P3s mean Public Pays Plenty

Yet again the spectre of corruption looms large at city hall. There is a push to get private businesses (read “huge, well-connected insiders”) involved in the public sphere through the disreputable path of P3s (public-private partnerships). By their very nature, P3s are the mothers of corruption.
First and most important, they operate in secrecy under the lame excuse that “proprietary” information possessed by the private enterprises must be safeguarded from the public. That violates the fundamental principle of government operations that they be transparent to the governed. Privacy law, let us not forget, is the last refuge of scoundrels.” (Also, it seems human rights commissions are becoming another. Witness zombie-talking oddball Barbara Hall’s extra-legal chastising of Maclean’s for not giving up pages of editorial space for a rebuttal of an article mentioning Islamists that could have been addressed in a 300-word letter to the editor.)
Secondly, unlike how governments are supposed to behave, private businesses do not purposely operate in the public interest. They are by nature and design, utterly selfish. That’s the entire principle of capitalism and it’s a valid one: If each business operates in its own best interests in a fair, competitive marketplace, the public should be well served and businesses would be blocked from committing harmful actions. It’s when businesses get involved in the public sphere that the public interest gets compromised. Their avatars—bullshit artists known as lobbyists—seek to pervert politicians and civil servants and thus benefit their business clients. They have zero financial interest in benefiting the public in any wise. If their clients are lying, cheating swine, it’s no skin off the lobbyists’ hides. Their reputations aren’t on the line if they’re promoting tripe. They can also on occasion represent worthy clients with something of genuine value to the city.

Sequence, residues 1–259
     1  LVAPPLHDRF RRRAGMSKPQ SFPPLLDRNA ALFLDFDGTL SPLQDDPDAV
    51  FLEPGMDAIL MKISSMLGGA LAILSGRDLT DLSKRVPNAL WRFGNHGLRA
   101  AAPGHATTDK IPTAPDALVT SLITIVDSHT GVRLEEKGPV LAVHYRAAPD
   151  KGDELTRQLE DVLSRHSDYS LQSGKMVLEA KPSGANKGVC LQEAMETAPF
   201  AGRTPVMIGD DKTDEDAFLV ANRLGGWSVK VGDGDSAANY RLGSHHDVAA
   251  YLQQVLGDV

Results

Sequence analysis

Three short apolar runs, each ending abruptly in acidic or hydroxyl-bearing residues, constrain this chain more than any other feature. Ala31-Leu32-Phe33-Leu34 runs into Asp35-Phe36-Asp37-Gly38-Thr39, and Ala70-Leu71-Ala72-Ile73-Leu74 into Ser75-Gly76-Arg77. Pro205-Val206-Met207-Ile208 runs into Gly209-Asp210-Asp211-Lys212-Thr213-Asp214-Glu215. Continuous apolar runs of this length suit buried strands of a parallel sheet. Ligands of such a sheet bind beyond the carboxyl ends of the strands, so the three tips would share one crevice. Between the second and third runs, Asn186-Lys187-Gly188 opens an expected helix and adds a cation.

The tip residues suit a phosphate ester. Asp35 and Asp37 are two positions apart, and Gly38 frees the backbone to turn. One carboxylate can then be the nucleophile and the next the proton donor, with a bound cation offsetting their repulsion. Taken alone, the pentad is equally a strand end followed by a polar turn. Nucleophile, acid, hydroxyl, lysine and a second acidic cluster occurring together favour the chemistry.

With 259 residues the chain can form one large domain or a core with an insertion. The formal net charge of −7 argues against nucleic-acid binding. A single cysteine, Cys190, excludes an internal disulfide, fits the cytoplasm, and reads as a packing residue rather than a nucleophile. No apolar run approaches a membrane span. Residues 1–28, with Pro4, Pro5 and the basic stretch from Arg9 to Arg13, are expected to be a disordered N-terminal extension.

Still, the city would benefit from outlawing lobbying altogether and preserve us from such nightmares as Mayor Dumbo’s “street furniture” contract that gives a 20-year monopoly to a multinational billboard company to paste ads all over our city. And the various containers (“furniture”) for the ads are designed to white-bread all of Conglomerated Toronto so that Scarborough and Downtown are indistinct save for concentrations of poverty and Big Box stores.
So what if the city possibly might make a few pennies from the advertising that enriches the big monopoly corporation. That’s not a business the city should be in. Advertising is certainly a private-sector enterprise that government has no business entering. The private sector should remain private. Let government, which is ultimately responsible to the voters, operate the public sphere.
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